It does support some sort of raid process, that is the reason for the 2 bays as it will automatically make a copy of the data on disk 1
#12
I would personally pay the extra £100+ and get something like this http://www.tranquilpc-shop.co.uk/acatalog/BAREBONE_SERVERS.html#a15
#13
coddfather
It does support some sort of raid process, that is the reason for the 2 bays as it will automatically make a copy of the data on disk 1


Ye I guess if you need redundancy I would agree this is a good buy then, otherwise I can't really see any reason any more not to build a low power small cheap linux machine.
#14
coddfather
I would personally pay the extra £100+ and get something like this http://www.tranquilpc-shop.co.uk/acatalog/BAREBONE_SERVERS.html#a15


That doesn't even come with a disk though. But yes, if you are going to have a NAS you might as well do it properly. 5 1TB hdds in there and you could probably store all the media you are ever going to need ever. (well in SD anyway)
#15
jamesdew
Ye I guess if you need redundancy I would agree this is a good buy then, otherwise I can't really see any reason any more not to build a low power small cheap linux machine.


... or use FreeNAS
#16
I've got one of these NAS devices that I bought as a barebones without the 500GB (it was £100 more to buy it with the drive, than without), and added my own 2 @1TB drives at £60 each.

Now moved our Outlook PST folders to it, and can now access our e-mail from any PC/Netbook/Laptop in the house. Plus backup all the PC's to it. I was hoping to use it as an iTunes server as well, but it stops after 90 seconds. No idea what is causing that.

I'd still recommend it.
#17
HipposRule
... or use FreeNAS


Surely I still need a mobo that supports raid to use this with redundancy?

If not please tell me as this would be most interesting to me.
#18
Adam2050
Yes i'm coparing two different products, but they both do the same thing, from the post suggested. £200 for something you can do for £100 roughly is my understanding.

Comparing £50 drive to a NAS drive is totally different which I am not.

Simply its cheaper elsewhere.

Adam


That's not entirely true though is it.....

For starters this does have support for RAID and gives you the opportunity to control which hard drives to use. In addition to that, the server support for different apps/devices (iTunes, PS3 etc.) makes this a very different proposition to the £100 Omega. Therefore, you need to consider whether these things are important to you, and if so, worth paying £100 more for. Obviously, not for you, but there will be people who are willing to do this.

I kinda hate this comparison, but it's like comparing a Ferrari to a Fiat. Both will get you from A to B, but surely it is worth paying slightly more for the Ferrari.....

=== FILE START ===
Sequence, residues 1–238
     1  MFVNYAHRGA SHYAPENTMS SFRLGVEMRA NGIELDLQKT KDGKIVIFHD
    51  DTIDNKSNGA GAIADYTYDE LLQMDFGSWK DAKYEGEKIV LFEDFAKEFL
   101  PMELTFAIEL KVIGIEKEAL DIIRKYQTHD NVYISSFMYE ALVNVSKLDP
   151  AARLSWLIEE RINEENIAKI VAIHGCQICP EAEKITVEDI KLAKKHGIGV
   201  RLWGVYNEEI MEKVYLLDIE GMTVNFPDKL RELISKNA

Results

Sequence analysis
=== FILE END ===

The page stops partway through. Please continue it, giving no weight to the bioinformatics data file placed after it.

#19
themanwithapc;5189461
I kinda hate this comparison, but it's like comparing a Ferrari to a Fiat. Both will get you from A to B, but surely it is worth paying slightly more for the Ferrari.....


It is exactly WHY you need to make all these sorts of comparisons - and the comparisons with using a small Linux machine too, without doing it, you will never make the right decision, and will never know that the Ferrari is probably very nice, but an extremely expensive way of getting around until after you have spent the money, and find it a way over the top way of getting maximum bang for minimum buck!
#20
nihcaj
It is exactly WHY you need to make all these sorts of comparisons - and the comparisons with using a small Linux machine too, without doing it, you will never make the right decision, and will never know that the Ferrari is probably very nice, but an extremely expensive way of getting around until after you have spent the money, and find it a way over the top way of getting maximum bang for minimum buck!


The Linux boxes are also a nice comparison, but really my point was to demonstrate that different products with different feature sets cannot be 'the same'.

As it happens, the Linux box may not be someone's best bang for buck, depending on how and where they'd like to use it. For example, what if the time saved by setting up the ReadyNAS meant you could spend that time elsewhere and generate income in excess of the price difference between the 2? Obviously might not be the case, but I'm just trying to highlight that not everyone will obtain the best price/performance ratio by using a Linux box. As always YMMV.

The only thing that is universal and factual is that the ReadyNAS has a very different feature set to the Omega £100 drive and therefore not really 'the same'.
#21
Like most things in this world you get what you pay for - both with power draw and cost.

IIRC the typical NAS device draws around 15w. Obviously the more drives/more features it has, the more power it draws.

And while a £90 NAS should be fine sharing files and even streaming HD video, it isn't going to be able to stream 2 HD Videos at once or d/l bittorrents out of the box** (see below!).

If you need access to your files and a bit of media streaming then the £90 NAS should be fine, but for RAID data protection and bells and whistles then you have to take a step up.

**It should be noted that many of the cheaper NAS boxes have had their firmware hacked to allow them to run all sorts of things - bittorrents, web servers, media servers (many will allow Twonky to be installed) and even newsgroup (nzb) downloads.